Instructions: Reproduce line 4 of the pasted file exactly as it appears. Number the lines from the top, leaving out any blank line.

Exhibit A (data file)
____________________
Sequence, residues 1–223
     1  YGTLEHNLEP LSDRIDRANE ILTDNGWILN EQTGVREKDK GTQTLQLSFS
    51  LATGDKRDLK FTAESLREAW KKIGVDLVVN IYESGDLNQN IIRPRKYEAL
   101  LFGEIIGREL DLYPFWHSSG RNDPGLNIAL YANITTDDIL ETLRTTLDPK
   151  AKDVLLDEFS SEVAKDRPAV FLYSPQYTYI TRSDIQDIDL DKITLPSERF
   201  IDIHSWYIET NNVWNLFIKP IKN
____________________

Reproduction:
   101  LFGEIIGREL DLYPFWHSSG RNDPGLNIAL YANITTDDIL ETLRTTLDPK